SBA OIG concerned about potential fraud in $1.3 billion of COVID relief funds

The Small Business Administration may have paid out COVID relief funds to overseas fraudsters. A review by the SBA Office of Inspector General found a number of applications for Economic Injury Disaster Loans from foreign IP addresses were flagged as fraudulent, but not properly reviewed. SBA paid more than $1.3 billion in loans, grants and advances to applicants from foreign IP addresses between March 20, 2020, and Nov. 12, 2021, the time period reviewed by...

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The Small Business Administration may have paid out COVID relief funds to overseas fraudsters. A review by the SBA Office of Inspector General found a number of applications for Economic Injury Disaster Loans from foreign IP addresses were flagged as fraudulent, but not properly reviewed. SBA paid more than $1.3 billion in loans, grants and advances to applicants from foreign IP addresses between March 20, 2020, and Nov. 12, 2021, the time period reviewed by the OIG.

An application from a foreign IP address does not necessarily disqualify the applicant; the OIG report said they may qualify for assistance. But the sheer volume — millions of applications from foreign IP addresses, with more than 233,000 processed and 41,638 approved — suggested a high potential for fraud to the OIG, particularly from international criminal organizations, prompting the review. The OIG said it currently “has ongoing investigations into international organized crime operations that applied for and stole pandemic relief funds.”

The OIG found SBA had four layers of controls, designed in collaboration with a contractor hired to help the agency with its historic volume of applications, that were intended to mitigate this type of fraud. The first layer was supposed to entirely block applications from IP addresses located in six countries deemed high-risk. However, the OIG found that 3,097 applications were not blocked. Of those, 550 were approved for grants, loans or advances, totaling more than $14 million disbursed.

The contractor suggested IP masking as a possible means for subverting this control.

The second layer was supposed to prevent applications submitted from a foreign IP address from being completed. However, the OIG found 233,872 were completed and 41,638 were approved, for a total payout of $1.3 billion.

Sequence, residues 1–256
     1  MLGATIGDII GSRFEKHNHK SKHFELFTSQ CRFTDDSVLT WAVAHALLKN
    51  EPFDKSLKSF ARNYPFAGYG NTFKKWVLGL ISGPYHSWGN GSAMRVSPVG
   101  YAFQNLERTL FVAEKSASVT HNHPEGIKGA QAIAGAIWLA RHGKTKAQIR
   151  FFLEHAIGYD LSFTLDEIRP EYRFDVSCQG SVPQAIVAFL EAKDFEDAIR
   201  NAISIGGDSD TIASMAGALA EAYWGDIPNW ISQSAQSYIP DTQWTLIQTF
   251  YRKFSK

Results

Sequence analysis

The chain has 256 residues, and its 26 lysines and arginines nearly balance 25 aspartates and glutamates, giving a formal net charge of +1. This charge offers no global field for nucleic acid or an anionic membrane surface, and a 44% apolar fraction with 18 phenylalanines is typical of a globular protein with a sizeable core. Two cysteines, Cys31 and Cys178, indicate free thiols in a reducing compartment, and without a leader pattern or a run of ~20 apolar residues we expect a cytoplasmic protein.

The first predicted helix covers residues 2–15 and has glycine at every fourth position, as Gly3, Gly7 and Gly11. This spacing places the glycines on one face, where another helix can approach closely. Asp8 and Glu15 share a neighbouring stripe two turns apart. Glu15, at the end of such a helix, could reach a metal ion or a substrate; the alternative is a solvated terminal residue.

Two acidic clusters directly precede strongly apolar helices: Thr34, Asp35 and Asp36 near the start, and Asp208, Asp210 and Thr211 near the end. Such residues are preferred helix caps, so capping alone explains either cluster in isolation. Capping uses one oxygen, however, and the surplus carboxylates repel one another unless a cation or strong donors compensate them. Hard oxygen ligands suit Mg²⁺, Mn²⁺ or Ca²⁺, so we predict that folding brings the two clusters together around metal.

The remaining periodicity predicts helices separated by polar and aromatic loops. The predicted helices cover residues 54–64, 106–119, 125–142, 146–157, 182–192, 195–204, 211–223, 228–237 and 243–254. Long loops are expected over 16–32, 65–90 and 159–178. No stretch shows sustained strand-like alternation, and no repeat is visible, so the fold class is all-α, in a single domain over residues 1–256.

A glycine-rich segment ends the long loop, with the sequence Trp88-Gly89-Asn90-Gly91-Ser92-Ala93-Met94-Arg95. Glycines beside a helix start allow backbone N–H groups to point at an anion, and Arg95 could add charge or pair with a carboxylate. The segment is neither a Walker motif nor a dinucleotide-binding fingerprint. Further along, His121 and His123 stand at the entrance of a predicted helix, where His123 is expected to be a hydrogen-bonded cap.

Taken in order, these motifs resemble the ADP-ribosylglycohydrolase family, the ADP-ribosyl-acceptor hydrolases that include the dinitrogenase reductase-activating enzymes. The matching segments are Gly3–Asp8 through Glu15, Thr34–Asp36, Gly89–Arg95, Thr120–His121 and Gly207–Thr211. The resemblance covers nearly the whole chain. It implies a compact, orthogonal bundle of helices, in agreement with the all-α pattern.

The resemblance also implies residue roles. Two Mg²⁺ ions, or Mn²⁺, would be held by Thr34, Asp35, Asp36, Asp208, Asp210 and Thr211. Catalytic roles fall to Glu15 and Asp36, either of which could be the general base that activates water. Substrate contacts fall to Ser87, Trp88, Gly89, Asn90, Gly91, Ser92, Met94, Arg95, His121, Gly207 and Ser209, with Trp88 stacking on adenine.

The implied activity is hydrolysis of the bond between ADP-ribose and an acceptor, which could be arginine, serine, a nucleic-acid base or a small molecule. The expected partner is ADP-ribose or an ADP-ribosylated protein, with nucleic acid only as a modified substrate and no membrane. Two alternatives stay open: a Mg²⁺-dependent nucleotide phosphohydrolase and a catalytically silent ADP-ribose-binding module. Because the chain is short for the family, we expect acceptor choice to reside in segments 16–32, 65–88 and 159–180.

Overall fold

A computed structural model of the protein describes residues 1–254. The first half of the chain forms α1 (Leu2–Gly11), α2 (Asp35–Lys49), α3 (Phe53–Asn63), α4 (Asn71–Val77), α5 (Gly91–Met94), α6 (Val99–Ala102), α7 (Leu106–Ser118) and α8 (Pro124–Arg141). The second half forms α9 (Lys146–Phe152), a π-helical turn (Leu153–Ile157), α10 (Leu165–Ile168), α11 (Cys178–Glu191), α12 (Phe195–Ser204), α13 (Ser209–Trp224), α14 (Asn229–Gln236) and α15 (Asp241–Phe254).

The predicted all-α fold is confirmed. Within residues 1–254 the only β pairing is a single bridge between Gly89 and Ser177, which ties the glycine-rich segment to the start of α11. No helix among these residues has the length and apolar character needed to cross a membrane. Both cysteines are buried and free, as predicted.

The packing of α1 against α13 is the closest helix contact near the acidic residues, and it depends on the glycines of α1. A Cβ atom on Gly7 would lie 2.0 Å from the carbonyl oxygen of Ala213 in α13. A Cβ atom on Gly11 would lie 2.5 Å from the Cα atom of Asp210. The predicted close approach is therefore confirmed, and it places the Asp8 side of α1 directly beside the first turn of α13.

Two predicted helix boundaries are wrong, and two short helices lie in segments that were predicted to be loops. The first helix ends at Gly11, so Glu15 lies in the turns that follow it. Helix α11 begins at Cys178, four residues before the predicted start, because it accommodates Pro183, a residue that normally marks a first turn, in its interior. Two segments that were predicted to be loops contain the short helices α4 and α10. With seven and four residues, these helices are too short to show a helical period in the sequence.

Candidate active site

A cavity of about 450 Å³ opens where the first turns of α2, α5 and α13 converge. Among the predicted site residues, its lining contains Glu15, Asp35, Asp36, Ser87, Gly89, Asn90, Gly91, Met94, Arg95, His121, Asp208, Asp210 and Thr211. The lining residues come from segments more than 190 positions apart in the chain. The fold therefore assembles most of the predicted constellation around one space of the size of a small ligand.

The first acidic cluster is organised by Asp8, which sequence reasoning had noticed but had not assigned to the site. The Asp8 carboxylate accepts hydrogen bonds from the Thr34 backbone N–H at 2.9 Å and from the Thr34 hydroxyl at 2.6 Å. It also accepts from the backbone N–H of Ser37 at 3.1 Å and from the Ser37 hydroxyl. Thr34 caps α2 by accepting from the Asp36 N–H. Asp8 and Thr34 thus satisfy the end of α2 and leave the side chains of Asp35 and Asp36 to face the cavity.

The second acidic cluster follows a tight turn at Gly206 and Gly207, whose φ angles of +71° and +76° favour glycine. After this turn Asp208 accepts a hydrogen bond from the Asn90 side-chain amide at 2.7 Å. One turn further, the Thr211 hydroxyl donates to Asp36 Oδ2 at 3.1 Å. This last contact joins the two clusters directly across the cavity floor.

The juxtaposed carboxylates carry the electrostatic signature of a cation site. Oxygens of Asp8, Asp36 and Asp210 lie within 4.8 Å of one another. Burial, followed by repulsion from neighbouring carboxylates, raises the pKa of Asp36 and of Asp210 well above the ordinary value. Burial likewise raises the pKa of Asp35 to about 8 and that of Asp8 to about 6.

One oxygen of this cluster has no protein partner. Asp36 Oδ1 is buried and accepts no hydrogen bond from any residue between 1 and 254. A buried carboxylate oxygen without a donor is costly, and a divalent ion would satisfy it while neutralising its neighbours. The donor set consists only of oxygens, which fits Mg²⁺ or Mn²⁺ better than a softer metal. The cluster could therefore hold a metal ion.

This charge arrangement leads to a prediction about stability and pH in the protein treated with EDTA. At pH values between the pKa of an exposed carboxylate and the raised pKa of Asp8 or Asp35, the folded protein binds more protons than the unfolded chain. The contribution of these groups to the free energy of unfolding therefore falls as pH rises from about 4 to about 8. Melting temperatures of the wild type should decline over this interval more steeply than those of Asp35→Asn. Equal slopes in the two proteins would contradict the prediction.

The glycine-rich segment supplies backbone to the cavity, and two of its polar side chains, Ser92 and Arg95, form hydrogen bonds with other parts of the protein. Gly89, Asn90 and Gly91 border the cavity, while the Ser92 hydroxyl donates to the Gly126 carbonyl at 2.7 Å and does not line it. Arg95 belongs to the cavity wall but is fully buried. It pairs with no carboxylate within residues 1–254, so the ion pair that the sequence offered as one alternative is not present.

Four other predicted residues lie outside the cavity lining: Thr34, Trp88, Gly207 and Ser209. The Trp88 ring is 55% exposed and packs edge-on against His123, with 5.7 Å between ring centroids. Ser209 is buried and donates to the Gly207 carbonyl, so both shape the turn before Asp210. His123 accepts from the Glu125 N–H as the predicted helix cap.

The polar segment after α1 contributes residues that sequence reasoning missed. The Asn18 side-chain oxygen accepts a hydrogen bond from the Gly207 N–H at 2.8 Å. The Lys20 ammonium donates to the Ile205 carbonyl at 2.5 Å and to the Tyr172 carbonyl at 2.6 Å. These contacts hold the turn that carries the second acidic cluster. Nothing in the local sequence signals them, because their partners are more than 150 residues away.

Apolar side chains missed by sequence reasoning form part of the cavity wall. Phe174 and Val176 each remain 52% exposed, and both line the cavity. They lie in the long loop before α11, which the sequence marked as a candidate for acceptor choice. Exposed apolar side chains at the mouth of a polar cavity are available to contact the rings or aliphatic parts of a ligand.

The third and forth layer were a system intended to flag potentially fraudulent applications for review, and then the actual review performed by a loan officer, respectively. The OIG reviewed 50 applications that were approved and disbursed to foreign countries, and found that 16 of them were not flagged, though they should have been. Of the 34 that were flagged, 15 were not approved by loan officers, but were still disbursed.

The OIG recommended that SBA review every application that was submitted from a foreign IP address and was approved and disbursed. For any applications found to be fraudulent, SBA should terminate payment, recover funds already paid out, and refer those cases to the OIG for investigation. In addition, the OIG recommended that SBA review its controls for foreign IP addresses and improve them before future disaster relief efforts.

SBA partially agreed with the first recommendation, though it noted that “The $1.3 billion identified by the OIG that originated from applications submitted from a foreign IP address represents less than .04 percent of the more than $342 billion approved by SBA for COVID EIDL advances and loans.” SBA also said it has already begun the review of applications. SBA also agreed with the second recommendation.

 

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